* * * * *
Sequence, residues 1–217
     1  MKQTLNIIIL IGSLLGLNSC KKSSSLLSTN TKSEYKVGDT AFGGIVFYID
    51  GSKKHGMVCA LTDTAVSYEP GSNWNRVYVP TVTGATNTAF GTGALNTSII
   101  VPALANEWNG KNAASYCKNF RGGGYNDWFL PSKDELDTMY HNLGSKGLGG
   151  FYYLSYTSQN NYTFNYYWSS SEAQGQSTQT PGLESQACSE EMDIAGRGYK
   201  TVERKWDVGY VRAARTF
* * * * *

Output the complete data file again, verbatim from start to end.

Sequence, residues 1–217
     1  MKQTLNIIIL IGSLLGLNSC KKSSSLLSTN TKSEYKVGDT AFGGIVFYID
    51  GSKKHGMVCA LTDTAVSYEP GSNWNRVYVP TVTGATNTAF GTGALNTSII
   101  VPALANEWNG KNAASYCKNF RGGGYNDWFL PSKDELDTMY HNLGSKGLGG
   151  FYYLSYTSQN NYTFNYYWSS SEAQGQSTQT PGLESQACSE EMDIAGRGYK
   201  TVERKWDVGY VRAARTF